Tai Jutsu Kwai Martial Arts Centre: Equal Opportunity Guidelines.
1.1 This guidance applies to instructors and members of Tai Jutsu Kwai Martial Arts Centre. Wherever the term “TJK” is used.
1.2 The TJK is committed to the principle that all instructors and members will have equality of opportunity in martial arts and advancement on the basis of their ability to do the martial arts and regardless of political affiliations or memberships, martial arts discipline or physical ability. This guidance is aimed at assisting those involved in complaints of racial and sexual harassment and discrimination. The guidance can also be used to deal with similar concerns relating to disability and sexual orientation.
Rights and Legislation
2.1 All instructors and members have the right to a training environment free from discrimination and harassment. They also have the right to complain about discrimination or harassment and to have any complaint dealt with fairly, thoroughly, sensitively and quickly. Any complaint must be treated seriously and complainant will be protected against victimisation for making or being involved in a complaint.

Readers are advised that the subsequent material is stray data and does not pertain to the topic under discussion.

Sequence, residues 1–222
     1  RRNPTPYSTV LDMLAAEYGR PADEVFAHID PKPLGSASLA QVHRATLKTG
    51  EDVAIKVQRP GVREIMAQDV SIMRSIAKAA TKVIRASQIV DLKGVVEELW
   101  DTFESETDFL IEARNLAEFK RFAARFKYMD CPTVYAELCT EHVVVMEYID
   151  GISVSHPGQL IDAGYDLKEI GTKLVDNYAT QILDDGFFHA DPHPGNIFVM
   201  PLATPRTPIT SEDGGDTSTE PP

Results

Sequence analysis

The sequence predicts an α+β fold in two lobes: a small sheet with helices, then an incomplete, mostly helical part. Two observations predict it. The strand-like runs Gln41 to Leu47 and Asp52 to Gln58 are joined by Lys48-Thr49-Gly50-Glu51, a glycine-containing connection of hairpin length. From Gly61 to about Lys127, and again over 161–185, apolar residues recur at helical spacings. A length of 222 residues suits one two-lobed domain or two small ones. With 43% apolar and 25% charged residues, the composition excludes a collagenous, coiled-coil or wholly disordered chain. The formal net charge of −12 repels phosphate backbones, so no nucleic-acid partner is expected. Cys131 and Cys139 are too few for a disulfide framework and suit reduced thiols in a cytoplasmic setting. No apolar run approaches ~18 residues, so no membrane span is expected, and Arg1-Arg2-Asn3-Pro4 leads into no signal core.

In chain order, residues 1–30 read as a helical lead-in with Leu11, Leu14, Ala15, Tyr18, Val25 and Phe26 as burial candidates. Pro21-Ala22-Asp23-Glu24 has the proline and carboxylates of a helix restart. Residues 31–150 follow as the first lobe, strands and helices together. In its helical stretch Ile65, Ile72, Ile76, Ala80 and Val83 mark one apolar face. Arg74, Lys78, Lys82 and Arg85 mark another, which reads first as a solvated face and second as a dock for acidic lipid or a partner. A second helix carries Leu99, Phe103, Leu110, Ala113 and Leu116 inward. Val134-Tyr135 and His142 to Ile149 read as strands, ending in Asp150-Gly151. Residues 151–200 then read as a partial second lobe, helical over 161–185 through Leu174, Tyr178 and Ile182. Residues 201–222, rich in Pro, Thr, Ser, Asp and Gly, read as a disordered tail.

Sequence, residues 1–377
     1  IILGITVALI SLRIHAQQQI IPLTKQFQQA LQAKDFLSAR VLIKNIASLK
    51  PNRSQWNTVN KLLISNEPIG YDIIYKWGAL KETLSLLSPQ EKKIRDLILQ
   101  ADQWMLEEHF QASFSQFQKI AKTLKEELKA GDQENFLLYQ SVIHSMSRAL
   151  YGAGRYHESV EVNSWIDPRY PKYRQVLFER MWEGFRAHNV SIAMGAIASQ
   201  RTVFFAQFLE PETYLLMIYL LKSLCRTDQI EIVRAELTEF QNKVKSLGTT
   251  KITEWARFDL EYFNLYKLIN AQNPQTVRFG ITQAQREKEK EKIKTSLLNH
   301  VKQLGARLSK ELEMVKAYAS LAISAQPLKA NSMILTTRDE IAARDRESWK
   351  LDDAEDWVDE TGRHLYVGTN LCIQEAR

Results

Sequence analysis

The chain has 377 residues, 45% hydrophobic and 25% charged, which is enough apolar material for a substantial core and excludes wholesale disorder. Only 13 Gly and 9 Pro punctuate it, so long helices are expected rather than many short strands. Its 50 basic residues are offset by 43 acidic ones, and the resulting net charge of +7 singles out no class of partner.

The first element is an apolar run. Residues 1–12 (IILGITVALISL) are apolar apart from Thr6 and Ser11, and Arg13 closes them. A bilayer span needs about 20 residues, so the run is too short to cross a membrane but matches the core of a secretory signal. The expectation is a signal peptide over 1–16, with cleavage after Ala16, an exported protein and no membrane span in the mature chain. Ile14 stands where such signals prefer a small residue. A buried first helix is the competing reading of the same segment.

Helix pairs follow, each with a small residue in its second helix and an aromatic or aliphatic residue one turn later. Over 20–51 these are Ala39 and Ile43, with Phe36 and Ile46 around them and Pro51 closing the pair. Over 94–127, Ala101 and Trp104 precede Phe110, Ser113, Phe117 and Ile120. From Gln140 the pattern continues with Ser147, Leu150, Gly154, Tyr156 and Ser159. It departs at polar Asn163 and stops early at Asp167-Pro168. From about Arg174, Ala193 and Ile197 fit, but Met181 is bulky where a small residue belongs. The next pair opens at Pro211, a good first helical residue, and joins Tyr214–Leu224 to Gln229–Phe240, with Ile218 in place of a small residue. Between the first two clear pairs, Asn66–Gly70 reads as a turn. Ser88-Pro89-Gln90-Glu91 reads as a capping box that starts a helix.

2.2 As well as the internal machinery for dealing with complaints, club instructors/Soke James Moclair also have the right to nuke a complaint to an industrial tribunal (IT) within 3 months of the act complained of under the Sex Discrimination Act 1975 or the Race Relations Act 1976 as appropriate. They can also seek the assistance of the Equal Opportunities Commission or the Commission for Racial Equality if they pursue a complaint through the internal procedures after making a complaint to an IT. (The IT will generally agree to postpone hearings to enable this to happen).
3.1Instructors and Individual members are responsible in law if, in the course of training, they:
- commit an act of unlawful discrimination
- induce or attempt to induce another person to commit an act of unlawful discrimination
- help someone else to commit an act of unlawful discrimination. (There is a defence if the help was given following assurances - that the act was not unlawful)
- victimise a person for asserting or seeking to assert their rights under the Race Relations Act or the Sex Discrimination Act
What Constitutes Harassment?
4.1 Racial or sexual harassment includes a range of unsolicited behaviour which, whether intentionally or not, creates feelings of unease, humiliation, intimidation or discomfort, causes offence or threatens, or appears to threaten, club, training security.